As much as I hate to admit it, I’m sort of attached to my 2008 Honda Accord. Both of my kids learned to drive in it, (son drove it off the lot in 2008 WITH the infamous VTC actuator issue!), and, well, it’s been on a lot of road trips with fond memories.
The latest road trip was to Tennessee, (rural area), where my car was parked outside. Upon starting it up one day, I was unpleasantly surprised to note the “malfunction indicator lamp”, (better known as the “check engine light”), was on. I thought it was odd as I hadn’t driven the car anywhere or done anything since making the 16 hour drive from Texas to Tennessee. I called my local dealer, Fernandez Honda, and they suggested that perhaps I had let the car sit too long and something was wrong with a sensor. I didn’t expect them to diagnose anything over the phone, and, before driving back to Texas, I took it to a local repair shop in Tennessee. They ran some diagnostics and told me it was a sensor, (fuel system related), and assured me they had cleared the code and I would be fine driving back to Texas. Problem was, the code wasn’t cleared and the check engine light remained on all the way back to Texas.
As I knew I would be coming right back to Tennessee, I thought it would be a good idea to run it by Fernandez Honda before I left to travel back to Tennessee. It was there that I received the happy news, (note sarcasm), that my rear, (floor), wiring harness had been chewed up by rodents, thereby rendering any check engine light code potentially erroneous. The young, (un-coached?), intake service guy told me, “yeah, the mechanic says that rodents like gas or something…” Now, I’m definitely NOT a mechanic, and I have heard that some animals are attracted to antifreeze,–however, I failed to see what “gas” had to do with the rear floor wiring harness. But hey, what do I know? Bottom line was I was given two extremely delightful options to fix my car:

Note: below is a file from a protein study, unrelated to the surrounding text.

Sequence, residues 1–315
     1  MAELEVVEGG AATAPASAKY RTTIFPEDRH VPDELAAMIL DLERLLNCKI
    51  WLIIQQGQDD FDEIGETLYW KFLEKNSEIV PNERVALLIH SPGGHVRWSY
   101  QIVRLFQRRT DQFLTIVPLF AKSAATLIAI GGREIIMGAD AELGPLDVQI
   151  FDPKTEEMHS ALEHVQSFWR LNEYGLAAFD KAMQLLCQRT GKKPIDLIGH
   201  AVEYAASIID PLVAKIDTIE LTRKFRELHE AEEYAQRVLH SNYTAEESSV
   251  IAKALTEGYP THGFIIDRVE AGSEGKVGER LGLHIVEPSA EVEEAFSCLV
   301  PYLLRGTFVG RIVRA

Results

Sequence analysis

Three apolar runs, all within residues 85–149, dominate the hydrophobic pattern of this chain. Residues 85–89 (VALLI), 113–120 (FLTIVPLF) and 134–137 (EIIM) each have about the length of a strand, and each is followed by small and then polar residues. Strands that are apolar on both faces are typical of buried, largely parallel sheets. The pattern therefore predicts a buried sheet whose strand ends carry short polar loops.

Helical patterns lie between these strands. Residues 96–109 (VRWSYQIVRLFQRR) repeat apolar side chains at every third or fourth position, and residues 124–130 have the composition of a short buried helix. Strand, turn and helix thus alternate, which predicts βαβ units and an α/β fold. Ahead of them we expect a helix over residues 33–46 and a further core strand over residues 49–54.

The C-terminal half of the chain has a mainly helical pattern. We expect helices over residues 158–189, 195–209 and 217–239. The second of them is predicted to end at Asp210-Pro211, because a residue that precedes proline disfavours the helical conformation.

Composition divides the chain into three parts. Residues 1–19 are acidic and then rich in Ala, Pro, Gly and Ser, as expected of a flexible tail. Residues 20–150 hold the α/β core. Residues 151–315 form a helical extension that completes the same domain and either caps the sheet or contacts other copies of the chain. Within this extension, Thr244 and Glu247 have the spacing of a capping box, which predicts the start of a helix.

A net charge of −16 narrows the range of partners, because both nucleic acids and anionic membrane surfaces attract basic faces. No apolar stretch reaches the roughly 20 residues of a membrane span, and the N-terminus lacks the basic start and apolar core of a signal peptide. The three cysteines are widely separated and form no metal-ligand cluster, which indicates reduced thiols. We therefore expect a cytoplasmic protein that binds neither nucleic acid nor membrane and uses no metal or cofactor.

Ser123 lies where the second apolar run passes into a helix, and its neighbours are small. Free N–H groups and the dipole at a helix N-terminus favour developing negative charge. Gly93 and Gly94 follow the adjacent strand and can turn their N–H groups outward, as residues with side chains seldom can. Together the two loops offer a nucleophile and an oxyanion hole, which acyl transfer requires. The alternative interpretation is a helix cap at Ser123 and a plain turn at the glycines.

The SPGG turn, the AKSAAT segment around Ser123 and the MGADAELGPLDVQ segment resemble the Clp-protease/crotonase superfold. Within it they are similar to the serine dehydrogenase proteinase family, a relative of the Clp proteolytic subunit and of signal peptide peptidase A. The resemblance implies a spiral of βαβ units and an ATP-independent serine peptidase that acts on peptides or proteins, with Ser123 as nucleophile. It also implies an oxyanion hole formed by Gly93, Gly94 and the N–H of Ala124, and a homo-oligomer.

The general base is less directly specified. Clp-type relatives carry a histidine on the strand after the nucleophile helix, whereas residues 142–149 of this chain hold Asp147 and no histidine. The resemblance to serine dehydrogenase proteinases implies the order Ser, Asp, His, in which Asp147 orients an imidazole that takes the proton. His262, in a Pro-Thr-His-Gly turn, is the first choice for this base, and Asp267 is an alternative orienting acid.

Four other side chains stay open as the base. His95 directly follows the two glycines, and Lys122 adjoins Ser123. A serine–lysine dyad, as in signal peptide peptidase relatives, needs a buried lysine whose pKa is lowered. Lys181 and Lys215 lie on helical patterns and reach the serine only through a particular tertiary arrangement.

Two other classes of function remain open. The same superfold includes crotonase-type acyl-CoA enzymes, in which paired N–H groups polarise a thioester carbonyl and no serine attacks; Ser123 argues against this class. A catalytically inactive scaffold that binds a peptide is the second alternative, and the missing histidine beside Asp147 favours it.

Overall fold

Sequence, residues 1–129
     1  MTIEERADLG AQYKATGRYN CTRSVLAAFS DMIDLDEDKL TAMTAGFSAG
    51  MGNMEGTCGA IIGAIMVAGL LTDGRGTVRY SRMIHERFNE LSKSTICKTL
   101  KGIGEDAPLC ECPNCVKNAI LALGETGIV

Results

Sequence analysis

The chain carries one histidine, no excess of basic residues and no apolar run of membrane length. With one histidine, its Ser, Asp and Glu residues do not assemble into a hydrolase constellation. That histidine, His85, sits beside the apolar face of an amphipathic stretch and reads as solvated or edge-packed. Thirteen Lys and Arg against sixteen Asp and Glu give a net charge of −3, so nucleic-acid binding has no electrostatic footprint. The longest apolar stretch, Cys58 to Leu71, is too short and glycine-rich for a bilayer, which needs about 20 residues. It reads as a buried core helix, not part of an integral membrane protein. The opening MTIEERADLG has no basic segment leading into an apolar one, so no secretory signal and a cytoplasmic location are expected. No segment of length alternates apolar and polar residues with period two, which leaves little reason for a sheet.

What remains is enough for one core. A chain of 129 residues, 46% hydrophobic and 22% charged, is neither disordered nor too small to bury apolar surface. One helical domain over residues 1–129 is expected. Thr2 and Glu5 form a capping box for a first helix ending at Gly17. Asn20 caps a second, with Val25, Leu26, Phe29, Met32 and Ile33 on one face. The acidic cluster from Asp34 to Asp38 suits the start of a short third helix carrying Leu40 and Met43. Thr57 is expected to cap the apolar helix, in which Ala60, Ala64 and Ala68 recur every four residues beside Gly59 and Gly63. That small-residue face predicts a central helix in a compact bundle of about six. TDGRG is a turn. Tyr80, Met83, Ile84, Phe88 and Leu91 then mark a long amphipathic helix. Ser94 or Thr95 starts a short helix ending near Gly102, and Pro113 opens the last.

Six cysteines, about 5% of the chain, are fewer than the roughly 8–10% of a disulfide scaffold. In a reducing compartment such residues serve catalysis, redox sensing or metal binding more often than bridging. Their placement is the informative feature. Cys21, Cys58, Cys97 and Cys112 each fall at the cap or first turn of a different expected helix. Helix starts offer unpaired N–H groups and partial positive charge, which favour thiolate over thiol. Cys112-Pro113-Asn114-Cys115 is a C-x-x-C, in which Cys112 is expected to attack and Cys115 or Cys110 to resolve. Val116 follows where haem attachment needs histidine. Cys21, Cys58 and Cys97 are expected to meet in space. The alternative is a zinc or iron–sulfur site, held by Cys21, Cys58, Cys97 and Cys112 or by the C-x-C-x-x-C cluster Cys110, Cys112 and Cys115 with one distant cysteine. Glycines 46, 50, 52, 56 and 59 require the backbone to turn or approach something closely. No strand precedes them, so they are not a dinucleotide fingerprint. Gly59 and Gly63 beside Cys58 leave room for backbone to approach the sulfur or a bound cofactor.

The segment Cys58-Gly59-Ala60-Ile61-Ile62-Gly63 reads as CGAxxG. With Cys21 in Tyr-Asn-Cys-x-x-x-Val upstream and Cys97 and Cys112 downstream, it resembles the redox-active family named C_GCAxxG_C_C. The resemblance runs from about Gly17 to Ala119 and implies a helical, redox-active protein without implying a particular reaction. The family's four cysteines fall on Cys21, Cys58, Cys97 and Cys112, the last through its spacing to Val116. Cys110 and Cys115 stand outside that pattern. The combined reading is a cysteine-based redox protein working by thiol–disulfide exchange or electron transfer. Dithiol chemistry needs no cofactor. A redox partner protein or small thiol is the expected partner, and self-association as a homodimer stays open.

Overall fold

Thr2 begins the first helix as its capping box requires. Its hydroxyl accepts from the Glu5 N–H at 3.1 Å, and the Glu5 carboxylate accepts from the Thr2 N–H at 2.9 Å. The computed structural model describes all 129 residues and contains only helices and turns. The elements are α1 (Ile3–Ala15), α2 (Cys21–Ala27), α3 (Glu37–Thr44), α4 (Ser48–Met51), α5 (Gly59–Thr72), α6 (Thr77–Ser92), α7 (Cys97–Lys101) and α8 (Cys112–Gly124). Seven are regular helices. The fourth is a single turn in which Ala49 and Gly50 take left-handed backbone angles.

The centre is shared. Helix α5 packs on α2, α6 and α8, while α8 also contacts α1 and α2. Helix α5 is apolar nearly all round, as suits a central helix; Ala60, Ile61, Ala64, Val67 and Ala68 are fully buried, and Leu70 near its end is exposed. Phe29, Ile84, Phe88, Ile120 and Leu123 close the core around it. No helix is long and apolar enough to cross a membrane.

- Replace the entire wiring harness: “PRICE ON FLOOR WIRE HARNESS (found floor wire harness to be chewed on. will need to replace floor harness) $2,538.65 or…..
- Repair for a cost of $520.00, (initial quote when it was thought there were only two places that were chewed through instead of five…)
I was, no pun intended; floored. I’ve never claimed to be a math genius, however, spending roughly half of what my car is worth didn’t seem to be logical. I opted for the repair and had to leave it at the dealership for the repair(s). But………given my previous experience with Honda, I wondered what the harm would be in searching for “chewed wiring”, other than high blood pressure should I find results. Surprise, surprise,–one of the first articles I pulled up was from Consumer Reports; “How to Protect Your Car From Rodents”¹, which was written after this article, “Lawsuit Claims Honda Refuses To Fix Vehicles With Soy-Coated Wiring That’s Irresistible To Hungry Critters”². Oh, and did I mention, in the first article, Consumer Reports shows a photo of and lists Honda part number 4019-2317 for “rodent-deterring tape”?
Honda’s “customer/vehicle problems and resolution process” is beginning to remind me of the movie Groundhog Day. The plot line appears to go something like this:
- There appears to be, (no admission), a problem.
- Hope and pray, hope for delay and hope and pray that no vehicle owners will notice the problem until there is some kind of “fix”, even if it is tape.
- When customers begin to complain,–deny, deny, deny until you must deflect.
- Deflection must include accusing the car owner of negligence, ignorance or incompetence.
- When next “problem” is exposed,– rinse and repeat above steps.